Plasmid groups are structured by host phylogeny but there is evidence of intra and inter-species transfer events

Overall, 141/513 (27%) groups were found in >1 MLST and 22/513 (4%) were found in more than one species; multi-species groups had ≥10 members significantly more commonly (8/22 (36%) vs 25/491 (5%), P < 0.001) (Fig. 2). We found strong evidence that the pangenome of the plasmidome of BSI isolates was structured by host phylogeny, although there was also vast and persistent background diversity. Sequence type and host species explained 8% and 7% (Adonis P = 0.001 for both) of the observed variance in gene content between plasmidomes, respectively. ARG content explained a comparatively small amount of variance (R2 = 2%, P = 0.001), as did year of isolation (0.03%, P = 0.005) and source attribution (R2 = 1.2%, P = 0.99, i.e., the suspected focus of infection, only available for a small subset of isolates [198/738]) (Fig. 3, panels a, b, c and d, respectively). When we focussed on plasmid groups found in the most common E. coli STs (131, 95, 73), we observed that most were seen in only a single ST (78/109), but 13 “generalist” groups were seen in all three STs, and accounted for the majority of plasmids (215/400 54%). Highly similar plasmidomes were seen in genetically divergent members of each ST, consistent with multiple horizontal transfer events (Supplementary Fig. S3). Persistent plasmid groups seen in both 2009 and 2018 were also seen in more phylogenetically diverse isolates within STs (Supplementary Fig. S4), suggesting that the persistence of plasmids may be linked to their host range potential.

Fig. 3: A Umap projection of distances (measured by gene presence/absence) between the plasmidomes of isolates (each point represents the plasmidome, i.e., all plasmid sequences of a single isolate).
figure 3

These are coloured to show the variability explained by species (A)/ARG carriage (B)/year (C) and infection source (D). Source data are provided in the supplementary “Source Data” file.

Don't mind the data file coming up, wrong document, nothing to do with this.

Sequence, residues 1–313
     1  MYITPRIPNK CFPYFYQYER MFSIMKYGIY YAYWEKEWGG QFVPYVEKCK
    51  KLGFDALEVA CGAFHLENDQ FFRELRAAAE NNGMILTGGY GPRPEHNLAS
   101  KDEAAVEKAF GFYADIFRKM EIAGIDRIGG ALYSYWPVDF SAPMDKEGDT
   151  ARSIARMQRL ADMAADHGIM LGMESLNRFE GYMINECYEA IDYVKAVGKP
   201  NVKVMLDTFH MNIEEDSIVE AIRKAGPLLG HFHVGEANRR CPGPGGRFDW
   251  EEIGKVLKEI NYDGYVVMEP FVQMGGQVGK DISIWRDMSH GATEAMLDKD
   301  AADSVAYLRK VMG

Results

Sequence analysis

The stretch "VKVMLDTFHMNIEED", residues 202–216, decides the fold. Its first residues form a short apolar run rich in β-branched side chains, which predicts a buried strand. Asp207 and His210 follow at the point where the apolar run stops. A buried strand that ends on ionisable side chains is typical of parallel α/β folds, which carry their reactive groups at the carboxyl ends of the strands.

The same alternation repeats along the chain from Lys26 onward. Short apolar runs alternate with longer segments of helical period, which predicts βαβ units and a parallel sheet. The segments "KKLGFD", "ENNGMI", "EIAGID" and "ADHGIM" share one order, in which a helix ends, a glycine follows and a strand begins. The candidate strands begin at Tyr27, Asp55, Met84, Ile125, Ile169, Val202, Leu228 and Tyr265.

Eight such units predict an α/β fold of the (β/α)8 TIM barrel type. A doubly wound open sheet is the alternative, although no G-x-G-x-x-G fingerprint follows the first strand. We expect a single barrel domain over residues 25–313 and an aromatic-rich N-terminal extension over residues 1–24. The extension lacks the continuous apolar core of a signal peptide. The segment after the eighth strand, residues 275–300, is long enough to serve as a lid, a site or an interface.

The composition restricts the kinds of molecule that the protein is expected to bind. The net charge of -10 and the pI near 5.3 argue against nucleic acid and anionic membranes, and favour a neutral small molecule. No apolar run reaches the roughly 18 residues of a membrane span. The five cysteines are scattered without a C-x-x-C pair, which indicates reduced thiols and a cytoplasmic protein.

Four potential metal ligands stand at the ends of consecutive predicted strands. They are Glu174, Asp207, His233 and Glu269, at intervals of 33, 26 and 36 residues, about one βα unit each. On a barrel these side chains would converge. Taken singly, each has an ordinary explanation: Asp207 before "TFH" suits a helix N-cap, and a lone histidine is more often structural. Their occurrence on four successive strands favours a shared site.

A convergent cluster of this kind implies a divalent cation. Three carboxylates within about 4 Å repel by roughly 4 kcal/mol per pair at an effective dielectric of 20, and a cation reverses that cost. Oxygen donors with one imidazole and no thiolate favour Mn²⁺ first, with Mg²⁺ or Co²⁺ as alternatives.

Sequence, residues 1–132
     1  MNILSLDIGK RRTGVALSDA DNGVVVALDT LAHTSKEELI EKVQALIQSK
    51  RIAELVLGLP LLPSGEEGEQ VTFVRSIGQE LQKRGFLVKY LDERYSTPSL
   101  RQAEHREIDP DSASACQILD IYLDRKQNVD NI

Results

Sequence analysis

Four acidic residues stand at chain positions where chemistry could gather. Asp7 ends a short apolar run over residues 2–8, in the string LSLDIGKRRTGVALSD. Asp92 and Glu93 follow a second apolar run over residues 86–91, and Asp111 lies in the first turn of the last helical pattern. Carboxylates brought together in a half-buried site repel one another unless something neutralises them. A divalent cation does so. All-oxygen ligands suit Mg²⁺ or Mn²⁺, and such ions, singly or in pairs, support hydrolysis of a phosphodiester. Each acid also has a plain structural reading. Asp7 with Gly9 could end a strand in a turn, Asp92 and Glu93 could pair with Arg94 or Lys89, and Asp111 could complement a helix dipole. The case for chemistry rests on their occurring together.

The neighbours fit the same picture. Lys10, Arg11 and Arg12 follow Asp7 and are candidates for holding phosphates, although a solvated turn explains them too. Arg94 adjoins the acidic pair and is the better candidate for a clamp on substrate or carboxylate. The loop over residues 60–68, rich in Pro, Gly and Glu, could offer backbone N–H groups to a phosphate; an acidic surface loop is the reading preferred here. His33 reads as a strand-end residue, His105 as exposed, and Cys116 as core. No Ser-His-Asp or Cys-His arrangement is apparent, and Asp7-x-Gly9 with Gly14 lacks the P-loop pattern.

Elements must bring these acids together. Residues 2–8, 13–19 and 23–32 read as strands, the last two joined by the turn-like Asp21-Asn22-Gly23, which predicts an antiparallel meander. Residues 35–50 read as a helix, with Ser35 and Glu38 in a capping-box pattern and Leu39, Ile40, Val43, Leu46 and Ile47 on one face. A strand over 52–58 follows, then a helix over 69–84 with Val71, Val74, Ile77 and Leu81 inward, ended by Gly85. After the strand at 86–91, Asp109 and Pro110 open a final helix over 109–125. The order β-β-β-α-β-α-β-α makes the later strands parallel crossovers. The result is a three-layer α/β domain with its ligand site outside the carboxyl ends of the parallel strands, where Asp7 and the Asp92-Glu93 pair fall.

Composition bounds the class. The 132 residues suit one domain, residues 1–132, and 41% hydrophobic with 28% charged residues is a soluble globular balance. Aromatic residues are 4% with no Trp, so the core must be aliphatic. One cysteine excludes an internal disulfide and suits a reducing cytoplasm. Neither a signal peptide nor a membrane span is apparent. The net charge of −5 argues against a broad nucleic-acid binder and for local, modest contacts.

Common plasmid groups share genes with each other; gene sharing with chromosomes is also frequent

Whilst we observed only 4% (22/513) plasmid groups were shared between species, we hypothesised that this might greatly under-represent the true extent of plasmid-mediated horizontal gene transfer given the role of smaller mobile genetic elements and the fact that BSIs represent a tiny fraction of the overall ecological landscape. We therefore looked for evidence of overlap in the pangenome between different plasmid groups as well as between these and host chromosomes. Most genes in the pangenomes of common (i.e., containing n ≥10 plasmids) plasmid groups of E. coli and Klebsiella spp. were non-unique to their group (median % non-unique genes 88%, IQR 67-98%). Most overlap occurred amongst genes found in the plasmid pangenome from the same species (median % shared genes 86% (IQR 50–95%) vs 31% (8–43%) from different species, P < 0.001). There was also substantial overlap between plasmid group pangenomes and the chromosome pangenome, although there was some evidence of convergence in the chromosomally integrated mobilome between species, evidenced by less difference in the proportion of genes shared with the chromosome for the same vs different species (Supplementary Fig. S5, median 33% (IQR 0–45%) vs 21% (0–35%), respectively P = 0.34).